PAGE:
Inflammatory bowel disease (IBD) is a very challenging condition for practitioners. The symptoms vary from patient to patient and some of them overlap with those that other conditions present. Moreover, many patients don’t respond to available treatments or develop resistance to them over time.
To try and tackle this challenge, scientists aim to get to the root of the problem. However, researchers still have an incomplete understanding of what causes this disease. One of the main obstacles that have hindered IBD research is the shortage of valid models that mimic the development of the disease.
Much of the knowledge that researchers have about IBD has been learned through animal models, mainly mice. Using animals provide the advantage of allowing scientists to observe the gut’s immune response in a living organism. This methodology gives researchers context: for example, they can test how a drug behaves in contact with the rest of cells and tissues. However, animal models show major limitations. Researchers must induce IBD-like conditions using artificial methods that don’t always resemble the factors that trigger the disease in humans. Moreover, this type of experiments requires a great amount of resources (cost, time and labour) and the results are not always relevant for humans, due to the major differences between animal models and humans.
An alternative to animal models is using in vitro techniques, not only for these limitations but also for the legal implications of working with living organisms. However, until now most of these experiments couldn’t mimic the IBD complexity. For example, intestinal lining cells cultures aren’t stable enough and using patient’s tissue in the lab shows limitations too, as fresh tissue samples, although conserving the 3D architecture of the tissue, are short-lived and aren’t always accessible. In addition, they can only provide data as a snapshot in time, so modelling the intestinal processes is complicated.
In recent years, a new promising research tool has been developed and it may help to overcome the described problems: intestinal organoids.
Intestinal organoids are a 3D model of the intestinal lining, grown in vitro. To build them, scientists can use two approaches. Either they use cells that can turn into any type of cells of the adult body, called pluripotent stem cells, or they take advantage of “adult stem cells” that they obtain directly from a patient’s intestine. Researchers cultivate these cells in an appropriate medium until they close, form, and develop globular-shaped structures. These structures contain all the different gut cell types, organised as they would be in a real intestine.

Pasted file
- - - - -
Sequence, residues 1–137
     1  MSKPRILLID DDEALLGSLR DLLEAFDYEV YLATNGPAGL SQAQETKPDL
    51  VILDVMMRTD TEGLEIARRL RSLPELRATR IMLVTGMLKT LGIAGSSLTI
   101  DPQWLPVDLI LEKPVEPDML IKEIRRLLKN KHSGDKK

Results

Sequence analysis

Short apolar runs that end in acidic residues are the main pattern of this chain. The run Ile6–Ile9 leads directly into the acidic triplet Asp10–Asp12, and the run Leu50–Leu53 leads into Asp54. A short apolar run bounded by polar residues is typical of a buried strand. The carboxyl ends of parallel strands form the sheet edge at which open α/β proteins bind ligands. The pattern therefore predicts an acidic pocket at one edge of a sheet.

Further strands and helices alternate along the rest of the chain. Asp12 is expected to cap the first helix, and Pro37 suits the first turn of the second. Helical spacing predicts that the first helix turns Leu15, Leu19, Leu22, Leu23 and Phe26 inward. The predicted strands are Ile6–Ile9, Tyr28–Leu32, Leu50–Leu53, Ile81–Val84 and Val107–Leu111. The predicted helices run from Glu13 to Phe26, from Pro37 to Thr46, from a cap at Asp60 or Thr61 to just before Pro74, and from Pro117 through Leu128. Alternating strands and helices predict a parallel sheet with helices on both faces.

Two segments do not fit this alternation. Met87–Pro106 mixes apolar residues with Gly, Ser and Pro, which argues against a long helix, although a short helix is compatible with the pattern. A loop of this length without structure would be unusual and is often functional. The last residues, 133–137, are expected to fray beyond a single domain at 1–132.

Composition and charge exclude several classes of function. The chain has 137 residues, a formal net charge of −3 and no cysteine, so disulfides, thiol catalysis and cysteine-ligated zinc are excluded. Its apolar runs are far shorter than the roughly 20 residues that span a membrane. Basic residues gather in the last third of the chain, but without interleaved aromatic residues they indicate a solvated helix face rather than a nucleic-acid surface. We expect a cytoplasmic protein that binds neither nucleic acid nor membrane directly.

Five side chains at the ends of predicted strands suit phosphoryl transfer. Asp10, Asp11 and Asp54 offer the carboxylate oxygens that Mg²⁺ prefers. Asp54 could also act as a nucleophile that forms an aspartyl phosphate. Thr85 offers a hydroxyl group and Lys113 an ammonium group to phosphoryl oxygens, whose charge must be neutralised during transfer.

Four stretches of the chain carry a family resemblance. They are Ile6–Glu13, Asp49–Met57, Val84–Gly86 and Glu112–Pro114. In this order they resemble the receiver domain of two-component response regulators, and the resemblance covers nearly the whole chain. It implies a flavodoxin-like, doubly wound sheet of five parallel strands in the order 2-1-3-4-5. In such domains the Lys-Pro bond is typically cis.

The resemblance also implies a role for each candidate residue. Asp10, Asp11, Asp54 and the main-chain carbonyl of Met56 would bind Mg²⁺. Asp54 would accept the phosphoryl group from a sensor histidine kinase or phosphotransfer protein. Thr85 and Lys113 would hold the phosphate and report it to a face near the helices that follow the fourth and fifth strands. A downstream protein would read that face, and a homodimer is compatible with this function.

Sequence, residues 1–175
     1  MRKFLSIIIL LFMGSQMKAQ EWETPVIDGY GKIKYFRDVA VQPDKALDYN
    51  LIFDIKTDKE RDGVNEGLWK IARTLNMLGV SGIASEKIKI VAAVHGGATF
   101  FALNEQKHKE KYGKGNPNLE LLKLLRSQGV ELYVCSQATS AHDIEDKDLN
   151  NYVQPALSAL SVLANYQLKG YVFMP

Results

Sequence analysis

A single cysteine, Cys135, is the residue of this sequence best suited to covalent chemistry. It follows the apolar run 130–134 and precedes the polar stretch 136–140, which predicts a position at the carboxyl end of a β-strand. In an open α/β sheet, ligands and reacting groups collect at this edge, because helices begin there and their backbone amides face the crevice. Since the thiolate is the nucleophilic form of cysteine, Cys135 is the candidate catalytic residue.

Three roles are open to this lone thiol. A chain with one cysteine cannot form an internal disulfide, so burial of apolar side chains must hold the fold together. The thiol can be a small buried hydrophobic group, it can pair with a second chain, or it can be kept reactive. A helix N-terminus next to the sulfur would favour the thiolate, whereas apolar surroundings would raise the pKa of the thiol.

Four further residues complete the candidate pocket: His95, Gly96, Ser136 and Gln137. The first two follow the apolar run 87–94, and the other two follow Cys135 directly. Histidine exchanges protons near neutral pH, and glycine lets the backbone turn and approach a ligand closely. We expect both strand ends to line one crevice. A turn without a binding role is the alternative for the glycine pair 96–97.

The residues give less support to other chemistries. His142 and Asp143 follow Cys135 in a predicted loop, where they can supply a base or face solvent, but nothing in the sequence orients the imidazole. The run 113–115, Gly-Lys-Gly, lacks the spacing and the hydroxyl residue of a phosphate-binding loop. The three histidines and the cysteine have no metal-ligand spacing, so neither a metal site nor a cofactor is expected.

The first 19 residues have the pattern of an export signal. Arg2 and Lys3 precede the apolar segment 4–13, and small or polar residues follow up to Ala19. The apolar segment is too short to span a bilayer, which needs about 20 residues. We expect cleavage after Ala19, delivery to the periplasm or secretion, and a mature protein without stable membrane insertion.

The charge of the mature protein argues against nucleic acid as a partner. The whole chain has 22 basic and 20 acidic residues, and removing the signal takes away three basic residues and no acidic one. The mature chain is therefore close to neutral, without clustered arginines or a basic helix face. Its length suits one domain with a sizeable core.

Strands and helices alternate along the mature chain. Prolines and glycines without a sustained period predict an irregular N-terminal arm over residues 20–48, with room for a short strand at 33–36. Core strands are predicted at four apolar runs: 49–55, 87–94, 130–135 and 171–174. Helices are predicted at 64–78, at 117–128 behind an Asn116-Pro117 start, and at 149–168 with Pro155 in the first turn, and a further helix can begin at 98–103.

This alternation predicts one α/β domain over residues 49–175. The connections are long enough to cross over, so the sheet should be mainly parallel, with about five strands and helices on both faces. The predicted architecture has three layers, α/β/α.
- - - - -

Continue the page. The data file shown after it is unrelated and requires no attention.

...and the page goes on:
Organoids show remarkable ability to self-organise and they can reproduce early stages of human intestinal development. Therefore, they allow to research the development and properties of the intestinal lining. But where organoids can make the real difference is in their versatility. As it is an in vitro model, the researcher can control the cells added to the culture. This allows to include in the organoid other cells besides the intestinal ones, getting closer to the physiological reality.
Intestinal organoids can also help to study specific IBD traits. Sites of inflammation in the intestine are at high risk of developing fibrosis, an excessive build-up of connective tissues that replaces functional intestinal lining. The mechanisms behind this process remain partly unknown and using organoid models could shed light on them.
Using organoids also opens the door to screening a great amount of candidate drugs. The high stability of these structures allows researchers to build “living libraries” of organoids from different cellular sources and perform analysis to assess the molecular differences between a healthy intestine and one with IBD. This model design could also lead to optimise treatments before application, reducing the chance of treatment failure and thus, speeding up the drug design process.
Moreover, as organoids can be developed from patients cells, they offer unique insight into the disease on an individual scale, leading to personalised treatments. Theoretically, it could be possible to grow and test patient organoids with different treatments or immune cell compositions. This application could be particularly useful for the significant proportion of patients that are resistant to the current treatment or that develop resistance to them over time.
Organoid cultures are called to revolutionise the field of IBD research. There is even space for improvement: further development could enable generation of intestinal organoids vascularized and innervated, optimise the addition of immune cells and include microbial flora, as it is involved in the development of IBD too. Altogether, organoids are becoming an extremely useful ally in understanding the mechanisms of IBD that remain unknown and thus, improving the patients’ quality of life.
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